Maybe you could try again without using the term ““Big Pharma”.
kudos to you for working to right these wrongs. However, those expressions are relatively rare. I would be much more grateful if you could get all of the people who “could care less” to stop doing so. Especially in “sever” cases.
Denise Walter says (#33),
I think that it might be valuable for you to talk with someone who is trained in counselling…
Typical pro-vaccine response – There isn’t anything wrong with vaccines therefore you need psychological help.
Let’s continue to improve vaccine safety before forcing parents to vaccinate (e.g., California SB-277).
Here’s the “Potential Action of Harm” – You decide if it has validity.
It has no validity. Denice is right — get help.
Oh, I learned my lesson after a colleague died in the wool. Tragic industrial accident. No way to go at all, irregardless of all intensive purposes.
I think one should reign in certain expressions instead of giving them free reign.
Oh, it has validity, in the same way that the “vaccines cause autism” hypothesis had validity.
Once upon a time, there was growing public awareness and concern about vaccines causing autism. That turned out to be false.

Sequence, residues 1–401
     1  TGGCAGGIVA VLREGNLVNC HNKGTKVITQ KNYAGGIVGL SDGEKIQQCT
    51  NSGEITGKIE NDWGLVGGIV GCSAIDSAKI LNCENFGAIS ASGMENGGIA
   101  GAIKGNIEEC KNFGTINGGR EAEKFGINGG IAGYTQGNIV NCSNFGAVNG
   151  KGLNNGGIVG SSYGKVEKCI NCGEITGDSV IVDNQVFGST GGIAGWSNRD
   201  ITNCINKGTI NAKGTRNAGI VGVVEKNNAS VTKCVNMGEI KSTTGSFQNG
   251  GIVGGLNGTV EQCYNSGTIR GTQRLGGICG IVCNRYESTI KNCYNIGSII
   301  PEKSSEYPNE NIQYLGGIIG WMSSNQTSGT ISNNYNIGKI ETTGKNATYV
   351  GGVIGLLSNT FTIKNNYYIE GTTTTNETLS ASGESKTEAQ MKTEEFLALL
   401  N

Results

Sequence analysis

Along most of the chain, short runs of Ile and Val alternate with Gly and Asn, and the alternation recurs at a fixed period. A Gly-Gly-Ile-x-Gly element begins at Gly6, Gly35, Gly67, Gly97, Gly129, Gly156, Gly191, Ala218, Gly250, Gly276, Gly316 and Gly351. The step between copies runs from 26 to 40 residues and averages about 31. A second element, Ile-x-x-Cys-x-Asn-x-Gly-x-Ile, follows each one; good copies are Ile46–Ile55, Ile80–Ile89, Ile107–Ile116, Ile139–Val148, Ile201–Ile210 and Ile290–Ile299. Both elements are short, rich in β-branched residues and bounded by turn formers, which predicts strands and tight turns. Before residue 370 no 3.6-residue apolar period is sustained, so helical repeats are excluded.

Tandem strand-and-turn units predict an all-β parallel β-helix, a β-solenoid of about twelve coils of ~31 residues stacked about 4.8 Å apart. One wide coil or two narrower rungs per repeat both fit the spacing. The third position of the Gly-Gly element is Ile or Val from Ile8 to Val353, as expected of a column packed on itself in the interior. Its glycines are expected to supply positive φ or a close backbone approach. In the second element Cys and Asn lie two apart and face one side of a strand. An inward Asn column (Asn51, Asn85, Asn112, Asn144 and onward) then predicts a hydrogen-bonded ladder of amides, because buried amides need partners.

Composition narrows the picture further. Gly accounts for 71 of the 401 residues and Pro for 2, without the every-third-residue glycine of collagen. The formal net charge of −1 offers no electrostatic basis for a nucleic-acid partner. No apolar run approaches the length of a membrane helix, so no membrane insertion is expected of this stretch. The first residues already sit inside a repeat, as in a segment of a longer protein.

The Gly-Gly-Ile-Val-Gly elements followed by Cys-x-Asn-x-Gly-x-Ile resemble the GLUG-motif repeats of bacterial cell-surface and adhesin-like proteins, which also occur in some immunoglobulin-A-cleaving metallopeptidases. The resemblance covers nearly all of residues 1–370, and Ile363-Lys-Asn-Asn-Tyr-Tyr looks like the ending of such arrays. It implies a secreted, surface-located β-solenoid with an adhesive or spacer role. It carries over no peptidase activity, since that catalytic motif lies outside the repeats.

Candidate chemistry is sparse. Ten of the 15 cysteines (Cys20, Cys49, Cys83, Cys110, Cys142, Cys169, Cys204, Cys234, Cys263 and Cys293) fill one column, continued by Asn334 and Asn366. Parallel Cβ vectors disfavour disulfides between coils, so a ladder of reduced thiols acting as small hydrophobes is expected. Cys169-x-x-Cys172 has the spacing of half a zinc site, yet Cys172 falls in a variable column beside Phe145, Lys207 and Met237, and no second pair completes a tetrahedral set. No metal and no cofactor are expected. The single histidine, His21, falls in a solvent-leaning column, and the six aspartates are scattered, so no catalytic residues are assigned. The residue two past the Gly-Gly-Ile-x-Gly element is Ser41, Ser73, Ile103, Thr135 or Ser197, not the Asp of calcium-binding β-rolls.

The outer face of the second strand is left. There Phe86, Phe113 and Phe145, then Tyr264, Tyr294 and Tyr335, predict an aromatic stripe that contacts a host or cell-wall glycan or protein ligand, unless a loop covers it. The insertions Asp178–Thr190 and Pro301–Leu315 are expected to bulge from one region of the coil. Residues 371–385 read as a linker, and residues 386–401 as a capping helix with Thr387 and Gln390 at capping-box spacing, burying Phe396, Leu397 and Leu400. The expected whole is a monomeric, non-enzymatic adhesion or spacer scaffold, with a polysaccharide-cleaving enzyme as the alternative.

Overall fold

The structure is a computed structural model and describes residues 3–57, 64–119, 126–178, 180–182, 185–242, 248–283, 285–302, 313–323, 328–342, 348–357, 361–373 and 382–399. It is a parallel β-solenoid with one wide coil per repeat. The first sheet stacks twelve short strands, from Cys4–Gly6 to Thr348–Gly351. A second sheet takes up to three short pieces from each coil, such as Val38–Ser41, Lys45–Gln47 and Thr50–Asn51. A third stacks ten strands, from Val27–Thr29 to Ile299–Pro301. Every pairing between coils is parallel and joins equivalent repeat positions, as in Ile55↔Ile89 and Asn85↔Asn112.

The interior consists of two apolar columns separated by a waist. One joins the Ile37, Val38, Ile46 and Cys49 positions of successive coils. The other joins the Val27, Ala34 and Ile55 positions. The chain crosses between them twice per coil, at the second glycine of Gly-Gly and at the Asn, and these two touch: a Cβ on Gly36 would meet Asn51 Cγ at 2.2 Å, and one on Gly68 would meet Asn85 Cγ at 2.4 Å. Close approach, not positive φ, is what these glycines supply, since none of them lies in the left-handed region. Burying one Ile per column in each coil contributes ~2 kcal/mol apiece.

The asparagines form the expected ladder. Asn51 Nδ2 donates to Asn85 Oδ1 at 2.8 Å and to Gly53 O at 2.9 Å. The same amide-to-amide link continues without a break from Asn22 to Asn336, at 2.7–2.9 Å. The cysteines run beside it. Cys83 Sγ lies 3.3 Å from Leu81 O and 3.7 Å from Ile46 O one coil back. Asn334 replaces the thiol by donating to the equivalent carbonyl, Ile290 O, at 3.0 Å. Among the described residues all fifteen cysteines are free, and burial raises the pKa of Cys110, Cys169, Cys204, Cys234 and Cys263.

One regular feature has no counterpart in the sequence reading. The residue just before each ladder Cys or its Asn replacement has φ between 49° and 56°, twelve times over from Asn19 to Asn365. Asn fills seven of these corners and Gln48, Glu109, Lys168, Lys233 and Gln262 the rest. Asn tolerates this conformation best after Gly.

Do you know what else hospitals have banned? Crocs (the shoe). There have been concerns that nurses wearing Crocs could build up a charge of static electricity severe enough to start fires.
Argument by package insert? I thought that you would have hung around here long enough to know that vaccine package insert are Cover Your Backside documents written by lawyers.
Ah, so you have actual research. Please link to it.
Wrong Michael. The Supreme Court has not ruled on the vaccine causation hypothesis at all. In addition, the verdicts that have been given on the question is that vaccines do not cause autism.
What a lovely straw man you made. There is a difference between claiming antivaxxers massively exaggerate the risks of vaccines and claiming vaccines are perfect.